An entire library could be written on this topic. In the ITSM world, sourcing is considered part of the service design model and something every business customer plans well before the service requirements are finalized.
There are distinct benefits in doing this because the service itself will take on different characteristics and offer different benefits and costs depending on the sourcing model.
Sourcing is a complex part of the industry, and as new technological innovations emerge, so do new sourcing models. For simplicity sake, we will focus on the various ITSM elements, and three basic sourcing models—insource, outsource, and co-source—and tie these with the standard ITSP types.
Outsourcing is the use of a type III ITSP and offers a wide array of design model opportunities. Many organizations will use sometype of outsourcing, generally for services that the business wants to divest of certain risks and costs. Industry trends can influence design models toward outsourcing, and every business should be aware of the hidden costs and risks that this can produce.
An example of this was the surge of offshoring customer support contact services that gained popularity in the 90’s. The driving catalyst was the easy access to cheap labor forces in third-world countries. Many organizations rushed into this model and paid a price for not understanding the importance of all the ITSP competences or lack thereof.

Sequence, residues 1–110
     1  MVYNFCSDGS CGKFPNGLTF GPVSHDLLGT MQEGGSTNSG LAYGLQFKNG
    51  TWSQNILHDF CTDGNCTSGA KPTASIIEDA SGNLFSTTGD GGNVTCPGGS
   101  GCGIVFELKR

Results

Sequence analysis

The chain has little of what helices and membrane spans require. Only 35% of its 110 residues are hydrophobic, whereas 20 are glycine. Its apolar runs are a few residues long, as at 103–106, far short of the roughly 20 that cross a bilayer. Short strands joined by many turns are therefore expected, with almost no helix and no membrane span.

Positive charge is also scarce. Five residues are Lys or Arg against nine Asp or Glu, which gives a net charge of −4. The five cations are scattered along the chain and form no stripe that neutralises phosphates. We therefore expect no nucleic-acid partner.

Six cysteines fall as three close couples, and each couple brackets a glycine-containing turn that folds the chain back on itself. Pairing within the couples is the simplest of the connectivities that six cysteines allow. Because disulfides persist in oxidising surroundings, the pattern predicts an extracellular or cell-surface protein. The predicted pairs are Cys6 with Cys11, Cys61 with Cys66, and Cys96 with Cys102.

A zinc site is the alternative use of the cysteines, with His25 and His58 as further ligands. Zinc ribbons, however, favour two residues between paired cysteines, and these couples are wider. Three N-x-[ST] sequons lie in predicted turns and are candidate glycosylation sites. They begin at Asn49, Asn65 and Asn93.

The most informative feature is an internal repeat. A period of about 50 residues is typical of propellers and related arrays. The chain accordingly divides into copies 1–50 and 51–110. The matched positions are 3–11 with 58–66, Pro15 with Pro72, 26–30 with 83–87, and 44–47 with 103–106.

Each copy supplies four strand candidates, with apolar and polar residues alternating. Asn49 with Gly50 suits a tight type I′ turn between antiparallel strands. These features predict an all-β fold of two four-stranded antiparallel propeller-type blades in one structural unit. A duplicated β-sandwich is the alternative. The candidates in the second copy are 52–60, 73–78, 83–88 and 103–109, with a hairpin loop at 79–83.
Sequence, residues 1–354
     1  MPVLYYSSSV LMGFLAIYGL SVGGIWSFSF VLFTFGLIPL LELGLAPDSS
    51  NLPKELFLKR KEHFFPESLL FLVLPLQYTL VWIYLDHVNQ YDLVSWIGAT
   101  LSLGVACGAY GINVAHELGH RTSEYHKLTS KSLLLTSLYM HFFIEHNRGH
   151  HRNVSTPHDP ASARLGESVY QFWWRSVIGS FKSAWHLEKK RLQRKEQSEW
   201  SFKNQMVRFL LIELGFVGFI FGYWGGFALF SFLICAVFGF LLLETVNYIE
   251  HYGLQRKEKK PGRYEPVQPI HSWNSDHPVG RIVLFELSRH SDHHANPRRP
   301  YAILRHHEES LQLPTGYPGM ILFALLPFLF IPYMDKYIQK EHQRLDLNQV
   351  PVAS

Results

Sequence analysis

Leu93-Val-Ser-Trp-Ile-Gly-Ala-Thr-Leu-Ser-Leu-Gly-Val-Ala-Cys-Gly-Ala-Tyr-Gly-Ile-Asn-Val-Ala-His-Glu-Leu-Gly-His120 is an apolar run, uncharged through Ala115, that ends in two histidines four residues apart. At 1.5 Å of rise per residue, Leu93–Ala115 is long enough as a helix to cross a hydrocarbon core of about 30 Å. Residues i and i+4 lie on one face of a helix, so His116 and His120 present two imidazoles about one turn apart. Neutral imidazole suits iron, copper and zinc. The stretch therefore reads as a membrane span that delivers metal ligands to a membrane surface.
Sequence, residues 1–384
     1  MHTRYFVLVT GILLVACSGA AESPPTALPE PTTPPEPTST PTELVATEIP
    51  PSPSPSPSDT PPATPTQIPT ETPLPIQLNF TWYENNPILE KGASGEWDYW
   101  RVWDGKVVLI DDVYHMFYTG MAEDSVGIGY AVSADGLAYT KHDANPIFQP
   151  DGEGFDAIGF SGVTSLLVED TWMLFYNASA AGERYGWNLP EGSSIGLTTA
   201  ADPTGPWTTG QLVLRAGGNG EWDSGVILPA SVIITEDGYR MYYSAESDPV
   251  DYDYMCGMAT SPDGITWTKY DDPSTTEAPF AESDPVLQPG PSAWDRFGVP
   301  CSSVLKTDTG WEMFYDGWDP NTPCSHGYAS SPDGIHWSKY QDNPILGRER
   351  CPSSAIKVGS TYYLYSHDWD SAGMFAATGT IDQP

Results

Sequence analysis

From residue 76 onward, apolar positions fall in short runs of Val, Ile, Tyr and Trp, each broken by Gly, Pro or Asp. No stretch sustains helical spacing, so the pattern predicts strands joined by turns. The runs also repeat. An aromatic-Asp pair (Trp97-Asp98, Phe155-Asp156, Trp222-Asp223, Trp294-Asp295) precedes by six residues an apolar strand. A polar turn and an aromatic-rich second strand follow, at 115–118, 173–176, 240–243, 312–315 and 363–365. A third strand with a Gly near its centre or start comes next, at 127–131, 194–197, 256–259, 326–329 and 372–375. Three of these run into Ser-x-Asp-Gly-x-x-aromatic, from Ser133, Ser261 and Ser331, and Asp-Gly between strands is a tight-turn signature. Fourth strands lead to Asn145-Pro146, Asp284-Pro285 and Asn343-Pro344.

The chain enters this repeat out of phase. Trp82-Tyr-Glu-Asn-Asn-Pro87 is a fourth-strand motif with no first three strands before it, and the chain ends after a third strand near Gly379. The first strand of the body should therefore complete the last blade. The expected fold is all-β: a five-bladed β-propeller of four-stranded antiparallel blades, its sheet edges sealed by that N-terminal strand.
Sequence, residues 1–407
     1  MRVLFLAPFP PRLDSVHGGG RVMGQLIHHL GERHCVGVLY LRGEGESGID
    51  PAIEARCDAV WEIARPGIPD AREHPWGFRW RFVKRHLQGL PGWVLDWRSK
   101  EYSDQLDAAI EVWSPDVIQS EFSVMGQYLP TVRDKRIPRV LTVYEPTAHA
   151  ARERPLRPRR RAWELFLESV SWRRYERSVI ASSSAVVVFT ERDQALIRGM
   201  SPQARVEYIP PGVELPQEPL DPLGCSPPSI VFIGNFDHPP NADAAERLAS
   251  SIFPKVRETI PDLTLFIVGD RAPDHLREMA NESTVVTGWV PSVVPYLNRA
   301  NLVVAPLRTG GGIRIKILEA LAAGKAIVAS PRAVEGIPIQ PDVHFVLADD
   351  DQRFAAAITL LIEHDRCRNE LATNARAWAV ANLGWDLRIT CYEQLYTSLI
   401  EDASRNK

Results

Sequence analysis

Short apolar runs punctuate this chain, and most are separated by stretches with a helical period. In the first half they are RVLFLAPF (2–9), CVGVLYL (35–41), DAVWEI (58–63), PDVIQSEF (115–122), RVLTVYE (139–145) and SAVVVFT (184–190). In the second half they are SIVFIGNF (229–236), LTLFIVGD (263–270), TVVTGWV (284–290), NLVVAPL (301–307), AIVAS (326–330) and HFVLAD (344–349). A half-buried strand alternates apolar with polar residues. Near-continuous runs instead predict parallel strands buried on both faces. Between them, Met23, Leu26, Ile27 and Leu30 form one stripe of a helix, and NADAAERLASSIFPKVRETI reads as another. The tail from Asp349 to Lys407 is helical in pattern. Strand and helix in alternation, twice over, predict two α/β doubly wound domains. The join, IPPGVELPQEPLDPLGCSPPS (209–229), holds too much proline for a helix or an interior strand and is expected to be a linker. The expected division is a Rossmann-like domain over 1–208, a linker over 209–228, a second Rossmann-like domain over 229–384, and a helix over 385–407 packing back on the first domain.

Contributing factors in many of these cases were a lack of empowerment for the ITSPs and often understanding of the customer needs, difficulties in communication, overambitious cost cutting leading to unskilled labor, underestimating the true impact of time zone differences, and sometimes an over-reliance on technology. Offshoring can be a perfectly viable, cost-effective choice, and it has evolved significantly in the last decade with many of these factors being addressed.
Changes in industry trends such as these have made outsourcing effective and affordable and widened the scope for what type of services can be outsourced.
An increasingly popular and commonly available model, this hybrid model comes in a variety of shapes and sizes. At a basic level, it should be considered a shared risk and reward-based model. All ITSP types can participate in this, and as such, it offers the highest level of flexibility to meet a business’s service needs. Highly flexible can also mean highly complex, so care is needed to determine whether this is a viable model for your needs.
Typically, co-sourcing involves the cooperation of a number of ITSPs in the provision of service either for individual services or a group of them. In this model, clarification of the roles and responsibilities of each ITSP and the business is crucial to avoid unnecessary overlap, duplication, or gaps in service coverage and management.